Issue No 7: November 2003 




Mathematical
theory behind the quality and efficiency of digitised sound and pictures
has taken a step forward with research from the City University of Hong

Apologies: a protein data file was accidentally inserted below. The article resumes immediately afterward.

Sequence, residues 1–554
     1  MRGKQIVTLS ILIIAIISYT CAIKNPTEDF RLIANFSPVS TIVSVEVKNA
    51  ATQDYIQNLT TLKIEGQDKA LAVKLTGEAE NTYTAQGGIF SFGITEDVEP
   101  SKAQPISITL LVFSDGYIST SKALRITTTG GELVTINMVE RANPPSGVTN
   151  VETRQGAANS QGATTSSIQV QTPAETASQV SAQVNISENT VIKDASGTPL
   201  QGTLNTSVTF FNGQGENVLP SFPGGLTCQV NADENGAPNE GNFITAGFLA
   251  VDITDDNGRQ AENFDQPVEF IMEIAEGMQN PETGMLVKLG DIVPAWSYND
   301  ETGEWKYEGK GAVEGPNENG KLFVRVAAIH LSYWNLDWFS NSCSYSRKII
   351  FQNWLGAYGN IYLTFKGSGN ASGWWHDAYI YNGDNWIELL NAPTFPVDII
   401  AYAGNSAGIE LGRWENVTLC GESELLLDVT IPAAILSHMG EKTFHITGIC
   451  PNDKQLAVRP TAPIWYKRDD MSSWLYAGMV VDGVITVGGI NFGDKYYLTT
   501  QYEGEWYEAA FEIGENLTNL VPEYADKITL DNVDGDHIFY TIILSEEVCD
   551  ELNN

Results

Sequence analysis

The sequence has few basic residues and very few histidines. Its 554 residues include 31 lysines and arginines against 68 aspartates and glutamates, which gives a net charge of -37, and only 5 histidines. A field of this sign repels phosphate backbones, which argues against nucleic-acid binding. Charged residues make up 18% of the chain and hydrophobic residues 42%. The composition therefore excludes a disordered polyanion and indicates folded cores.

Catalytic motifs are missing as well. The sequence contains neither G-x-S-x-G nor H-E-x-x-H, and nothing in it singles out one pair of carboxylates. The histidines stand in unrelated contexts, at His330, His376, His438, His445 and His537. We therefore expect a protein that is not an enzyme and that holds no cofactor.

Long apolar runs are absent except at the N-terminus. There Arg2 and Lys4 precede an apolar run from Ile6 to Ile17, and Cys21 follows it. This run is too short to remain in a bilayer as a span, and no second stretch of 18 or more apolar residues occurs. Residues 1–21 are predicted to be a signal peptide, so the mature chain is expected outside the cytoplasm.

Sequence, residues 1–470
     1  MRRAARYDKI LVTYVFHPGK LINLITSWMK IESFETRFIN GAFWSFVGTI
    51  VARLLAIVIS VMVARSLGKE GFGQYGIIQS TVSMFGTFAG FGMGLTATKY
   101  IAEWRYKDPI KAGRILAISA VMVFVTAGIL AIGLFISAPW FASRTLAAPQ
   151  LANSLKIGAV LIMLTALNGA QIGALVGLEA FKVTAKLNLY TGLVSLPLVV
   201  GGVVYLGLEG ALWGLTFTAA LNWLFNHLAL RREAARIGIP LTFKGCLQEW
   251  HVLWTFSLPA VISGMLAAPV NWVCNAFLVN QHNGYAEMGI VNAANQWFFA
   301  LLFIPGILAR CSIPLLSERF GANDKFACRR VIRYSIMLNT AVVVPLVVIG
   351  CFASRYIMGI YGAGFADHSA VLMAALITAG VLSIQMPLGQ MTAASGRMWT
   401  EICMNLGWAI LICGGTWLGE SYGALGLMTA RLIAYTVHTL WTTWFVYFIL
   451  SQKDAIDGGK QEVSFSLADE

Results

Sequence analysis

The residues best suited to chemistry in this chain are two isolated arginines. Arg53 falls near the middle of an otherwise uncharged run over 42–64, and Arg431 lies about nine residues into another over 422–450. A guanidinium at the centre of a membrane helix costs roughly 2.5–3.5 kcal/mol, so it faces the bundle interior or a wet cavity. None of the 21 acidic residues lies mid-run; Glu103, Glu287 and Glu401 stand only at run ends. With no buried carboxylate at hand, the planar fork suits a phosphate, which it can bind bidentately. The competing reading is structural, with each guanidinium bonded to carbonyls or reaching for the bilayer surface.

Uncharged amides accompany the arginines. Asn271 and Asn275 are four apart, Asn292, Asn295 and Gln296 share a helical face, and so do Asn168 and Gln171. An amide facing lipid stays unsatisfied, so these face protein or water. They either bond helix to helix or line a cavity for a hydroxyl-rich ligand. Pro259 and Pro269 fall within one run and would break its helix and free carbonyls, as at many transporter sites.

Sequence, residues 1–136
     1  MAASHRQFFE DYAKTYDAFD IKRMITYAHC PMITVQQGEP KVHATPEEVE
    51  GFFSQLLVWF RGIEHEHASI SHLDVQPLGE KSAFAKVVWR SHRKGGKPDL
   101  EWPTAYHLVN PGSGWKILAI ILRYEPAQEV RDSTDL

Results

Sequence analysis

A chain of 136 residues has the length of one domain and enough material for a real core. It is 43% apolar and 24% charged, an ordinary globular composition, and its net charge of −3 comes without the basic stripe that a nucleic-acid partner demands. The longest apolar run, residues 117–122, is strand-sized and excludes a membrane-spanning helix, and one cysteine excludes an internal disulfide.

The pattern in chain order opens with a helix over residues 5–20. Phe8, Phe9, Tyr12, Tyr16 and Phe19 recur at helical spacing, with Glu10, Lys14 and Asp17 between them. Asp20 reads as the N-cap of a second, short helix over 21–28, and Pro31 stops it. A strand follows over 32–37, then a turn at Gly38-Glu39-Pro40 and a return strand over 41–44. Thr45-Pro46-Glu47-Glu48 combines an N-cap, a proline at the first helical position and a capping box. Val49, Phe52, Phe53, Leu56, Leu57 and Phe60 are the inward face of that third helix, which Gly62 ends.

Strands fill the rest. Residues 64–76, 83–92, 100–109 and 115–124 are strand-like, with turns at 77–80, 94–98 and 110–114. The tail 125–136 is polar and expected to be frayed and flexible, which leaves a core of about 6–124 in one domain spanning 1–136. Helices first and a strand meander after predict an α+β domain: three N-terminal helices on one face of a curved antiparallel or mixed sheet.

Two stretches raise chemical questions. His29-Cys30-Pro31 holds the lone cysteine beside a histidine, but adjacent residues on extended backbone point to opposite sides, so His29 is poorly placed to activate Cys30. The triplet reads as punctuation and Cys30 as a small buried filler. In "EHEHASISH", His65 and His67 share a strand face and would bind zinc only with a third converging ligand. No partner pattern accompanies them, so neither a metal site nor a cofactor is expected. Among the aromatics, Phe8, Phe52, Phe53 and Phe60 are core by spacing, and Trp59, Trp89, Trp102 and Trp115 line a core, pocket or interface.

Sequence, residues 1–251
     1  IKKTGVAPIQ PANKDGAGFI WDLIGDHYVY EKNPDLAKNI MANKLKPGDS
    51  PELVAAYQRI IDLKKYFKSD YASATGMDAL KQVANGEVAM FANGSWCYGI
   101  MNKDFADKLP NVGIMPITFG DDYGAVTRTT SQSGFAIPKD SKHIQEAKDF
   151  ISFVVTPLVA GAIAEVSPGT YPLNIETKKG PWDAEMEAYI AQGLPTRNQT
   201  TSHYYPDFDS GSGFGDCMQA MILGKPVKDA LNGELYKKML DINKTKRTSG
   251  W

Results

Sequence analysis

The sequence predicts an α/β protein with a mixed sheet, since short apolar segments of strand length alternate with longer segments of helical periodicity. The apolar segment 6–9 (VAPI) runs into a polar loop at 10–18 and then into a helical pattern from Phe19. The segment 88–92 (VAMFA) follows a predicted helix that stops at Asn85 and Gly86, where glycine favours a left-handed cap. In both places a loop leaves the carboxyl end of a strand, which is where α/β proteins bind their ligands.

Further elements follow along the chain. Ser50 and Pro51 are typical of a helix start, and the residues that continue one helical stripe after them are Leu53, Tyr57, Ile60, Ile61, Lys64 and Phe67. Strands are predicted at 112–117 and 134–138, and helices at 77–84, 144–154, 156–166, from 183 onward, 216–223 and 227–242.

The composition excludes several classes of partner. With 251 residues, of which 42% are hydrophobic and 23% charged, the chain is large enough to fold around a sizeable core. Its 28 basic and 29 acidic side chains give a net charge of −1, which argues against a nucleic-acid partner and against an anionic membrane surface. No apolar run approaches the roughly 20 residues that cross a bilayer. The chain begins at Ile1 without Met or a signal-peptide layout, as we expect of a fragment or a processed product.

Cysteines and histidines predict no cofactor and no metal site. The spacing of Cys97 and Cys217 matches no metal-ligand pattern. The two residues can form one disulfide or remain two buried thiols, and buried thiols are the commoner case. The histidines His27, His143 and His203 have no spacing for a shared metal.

Kong. Although the resulting picture or sound was different from the original, very little information would be lost. “What scientists have been working on since then is to make the difference as small as possible,” said Dr Zhou. With sound, for example, values can be taken at one second intervals, or at other convenient integer points and, when recomposed, it will be like the original whole signal. “For images, values are similarly taken at integer points, or decomposed, and when recomposed they look very much like the original image. “The benefit is that it takes less data to represent a lot of information,” said Dr Zhou. “You want to use the least amount of data as possible but you want the image or the sound to be as close to the original as possible. “When you use this idea, of course you lose information. Even though you consider the sound or image to be identical, it isn’t.” The main problem with Shannon’s theorem, he said, was that the time element in the signal processing was infinite. It needed to be finite, or capture values at a particular time. Work in the 1970s used different “quadrature mirror” filters in socalled subband coding schemes, which divided signals into smaller bands of frequencies, therefore making them easier to process. The quadrature mirror filters still did not produce a perfect result if the filters are required to have finite impulse responses, said Dr Zhou. Too much signal information was lost. New types of filters were devised with the latest conjugate quadrature filters eliminating any information loss. Dr Zhou’s research has centred on the latest schemes of subband coding using conjugate quadrature filters and to show their foundation for wavelet analysis in applied mathematics. “As well as knowing the scheme is perfect, we can show mathematically that it is correct.” In addition to revealing the mathematical foundation of the schemes, Dr Zhou’s work has shown how to clean up the symmetry of conjugate quadrature filters and therefore speed up their algorithm time. Using the filters to subband or split a signal into smaller bands of frequencies means that the different frequency bands can be processed according to their different characteristics, he said. The treatment of noise, an interference which appears naturally at high frequencies, is an example. If a signal is separated into subbands, noise in the high frequency can be eliminated without touching the remainder of the signal, he said. With images, noise can interfere with the pixels and cause a blurring or blocking effect. Compression, he said, involves a step beyond digitisation, using part of the digitised signal. If the digitisation is bad, then the compressed signal is even worse. “We want to keep a balance. If you have a small amount of data, then the speed of communication is fast. But if you send a large amount of data for the received message to be the same as the original, then the speed is slow. We need to achieve a balance.” Dr Zhou has addressed conferences on the research in North America, Europe, Singapore and China. Principal Investigator